Sadly, the evidence suggests little change to date. WHO has shown little inclination to place older people at the centre of its responses to the pandemic (despite the best effort of some individuals in that organisation), prompting an open letter in the British Medical Journal. This morning I came across a new UN Policy Brief on COVID-19 and Women. Based on a quick scan (all any of us have time for these days), it appears to be an excellent document. And, yes, it does refer to older people. Just the once, mind you, and on page 14. By contrast, the brief goes to great lengths to discuss the vulnerabilities of girls and younger women, gender-based violence (but not elder abuse). To my mind, this brief is a perfect reflection of the priority-landscapes of global health and development networks. Older people occasionally get a look-in, but almost never more than a glancing mention. Even when they are one of the key stakeholders for that particular issue.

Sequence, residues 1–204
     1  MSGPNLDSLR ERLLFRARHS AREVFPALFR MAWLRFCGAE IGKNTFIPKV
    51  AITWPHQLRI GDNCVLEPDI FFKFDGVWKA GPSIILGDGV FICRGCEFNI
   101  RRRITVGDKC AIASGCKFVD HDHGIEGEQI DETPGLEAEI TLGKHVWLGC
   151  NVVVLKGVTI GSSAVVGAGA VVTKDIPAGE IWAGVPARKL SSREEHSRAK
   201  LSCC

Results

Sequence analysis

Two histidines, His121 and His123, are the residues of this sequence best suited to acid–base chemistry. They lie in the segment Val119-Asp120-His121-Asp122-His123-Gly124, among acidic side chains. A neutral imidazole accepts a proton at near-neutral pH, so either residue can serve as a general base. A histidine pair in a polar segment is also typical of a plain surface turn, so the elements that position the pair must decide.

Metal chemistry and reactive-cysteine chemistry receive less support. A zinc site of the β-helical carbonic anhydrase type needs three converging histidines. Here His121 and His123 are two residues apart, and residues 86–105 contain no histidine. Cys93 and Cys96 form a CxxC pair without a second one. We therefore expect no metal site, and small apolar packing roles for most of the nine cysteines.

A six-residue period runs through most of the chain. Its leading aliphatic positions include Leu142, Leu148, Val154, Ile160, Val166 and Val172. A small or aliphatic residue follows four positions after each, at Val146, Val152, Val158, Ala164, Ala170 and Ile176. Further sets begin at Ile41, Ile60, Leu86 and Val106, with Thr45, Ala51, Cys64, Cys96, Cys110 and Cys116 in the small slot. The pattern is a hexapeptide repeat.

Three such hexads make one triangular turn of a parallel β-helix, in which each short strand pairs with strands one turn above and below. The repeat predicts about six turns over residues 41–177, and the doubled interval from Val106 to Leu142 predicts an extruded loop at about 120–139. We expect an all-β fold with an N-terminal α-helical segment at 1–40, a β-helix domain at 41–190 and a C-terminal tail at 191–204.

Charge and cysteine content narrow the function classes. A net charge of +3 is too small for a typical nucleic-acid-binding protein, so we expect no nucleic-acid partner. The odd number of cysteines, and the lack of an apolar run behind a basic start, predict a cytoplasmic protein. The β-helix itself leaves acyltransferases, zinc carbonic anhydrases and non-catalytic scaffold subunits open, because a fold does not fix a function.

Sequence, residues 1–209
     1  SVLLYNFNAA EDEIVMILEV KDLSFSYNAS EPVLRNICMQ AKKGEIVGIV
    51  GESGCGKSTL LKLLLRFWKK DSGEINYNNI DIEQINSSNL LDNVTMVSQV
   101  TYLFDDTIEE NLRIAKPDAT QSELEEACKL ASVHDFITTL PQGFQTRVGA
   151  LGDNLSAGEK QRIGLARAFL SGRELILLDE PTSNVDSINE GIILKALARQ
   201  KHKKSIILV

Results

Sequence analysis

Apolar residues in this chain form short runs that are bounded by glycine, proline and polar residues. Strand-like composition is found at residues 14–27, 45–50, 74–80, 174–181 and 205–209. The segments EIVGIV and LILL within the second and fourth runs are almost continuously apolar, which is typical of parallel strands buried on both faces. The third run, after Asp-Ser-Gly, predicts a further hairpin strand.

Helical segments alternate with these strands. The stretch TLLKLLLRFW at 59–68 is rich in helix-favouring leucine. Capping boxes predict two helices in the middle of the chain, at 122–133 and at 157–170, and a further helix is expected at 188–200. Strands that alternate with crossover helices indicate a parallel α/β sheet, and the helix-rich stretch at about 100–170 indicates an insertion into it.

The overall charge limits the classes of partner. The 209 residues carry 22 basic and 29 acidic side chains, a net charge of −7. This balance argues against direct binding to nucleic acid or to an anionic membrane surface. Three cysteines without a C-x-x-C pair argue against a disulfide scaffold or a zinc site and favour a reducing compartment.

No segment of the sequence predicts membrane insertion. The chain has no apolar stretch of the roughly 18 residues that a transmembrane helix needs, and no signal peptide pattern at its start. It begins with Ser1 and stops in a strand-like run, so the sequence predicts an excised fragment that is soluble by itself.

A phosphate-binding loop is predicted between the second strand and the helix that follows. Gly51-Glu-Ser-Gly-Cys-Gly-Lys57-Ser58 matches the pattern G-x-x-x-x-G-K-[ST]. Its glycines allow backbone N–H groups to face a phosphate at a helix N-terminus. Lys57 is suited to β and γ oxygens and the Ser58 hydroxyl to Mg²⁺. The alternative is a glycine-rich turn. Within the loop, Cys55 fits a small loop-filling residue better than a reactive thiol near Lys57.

In the past, I was not sure where I stood in terms of the need for a global UN-type agency with an exclusive mandate to represent the interests and vulnerabilities of older people. The COVID-19 pandemic (and WHO’s tragic decision in 2018 to shut down its only department with an exclusive remit for older people) has convinced me of the urgent need for this. Time for another petition or open letter (watch this space…..).
“It isn’t easy to identify a point at which the sad necessity of priority-setting and rationing access to health services crosses a line and becomes unjustifiable discrimination.”